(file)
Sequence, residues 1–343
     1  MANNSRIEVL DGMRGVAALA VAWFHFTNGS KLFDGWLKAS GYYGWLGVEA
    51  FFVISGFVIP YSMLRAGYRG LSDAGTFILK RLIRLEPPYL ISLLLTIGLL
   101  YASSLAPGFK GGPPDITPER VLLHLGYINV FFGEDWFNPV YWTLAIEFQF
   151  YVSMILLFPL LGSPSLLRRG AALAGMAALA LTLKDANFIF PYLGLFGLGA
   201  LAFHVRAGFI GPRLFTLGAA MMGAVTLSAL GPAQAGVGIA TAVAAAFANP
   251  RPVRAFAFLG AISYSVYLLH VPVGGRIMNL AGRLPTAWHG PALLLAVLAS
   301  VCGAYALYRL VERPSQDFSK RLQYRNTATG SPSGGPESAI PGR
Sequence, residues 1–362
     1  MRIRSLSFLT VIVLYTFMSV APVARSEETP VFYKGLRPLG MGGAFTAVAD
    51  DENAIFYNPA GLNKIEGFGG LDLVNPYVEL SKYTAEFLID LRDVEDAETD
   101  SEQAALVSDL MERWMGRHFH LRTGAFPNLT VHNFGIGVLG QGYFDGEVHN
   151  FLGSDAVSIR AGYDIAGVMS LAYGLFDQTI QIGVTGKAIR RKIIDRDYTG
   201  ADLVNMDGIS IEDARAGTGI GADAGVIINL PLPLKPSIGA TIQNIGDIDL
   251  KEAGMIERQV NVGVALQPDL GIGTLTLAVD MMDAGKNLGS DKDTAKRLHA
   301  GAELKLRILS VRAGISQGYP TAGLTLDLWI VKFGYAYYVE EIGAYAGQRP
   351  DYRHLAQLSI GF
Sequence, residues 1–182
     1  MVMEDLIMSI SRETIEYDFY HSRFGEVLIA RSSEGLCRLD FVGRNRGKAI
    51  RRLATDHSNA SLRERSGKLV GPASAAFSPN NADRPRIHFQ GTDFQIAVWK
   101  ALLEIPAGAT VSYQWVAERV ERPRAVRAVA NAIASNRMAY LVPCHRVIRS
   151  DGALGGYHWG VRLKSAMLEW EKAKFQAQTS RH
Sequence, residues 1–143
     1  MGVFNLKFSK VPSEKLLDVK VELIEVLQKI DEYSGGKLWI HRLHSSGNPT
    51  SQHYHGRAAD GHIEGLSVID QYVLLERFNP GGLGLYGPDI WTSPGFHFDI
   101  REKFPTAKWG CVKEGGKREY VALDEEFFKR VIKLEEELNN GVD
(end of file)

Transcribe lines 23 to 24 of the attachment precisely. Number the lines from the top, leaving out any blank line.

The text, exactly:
Sequence, residues 1–143
     1  MGVFNLKFSK VPSEKLLDVK VELIEVLQKI DEYSGGKLWI HRLHSSGNPT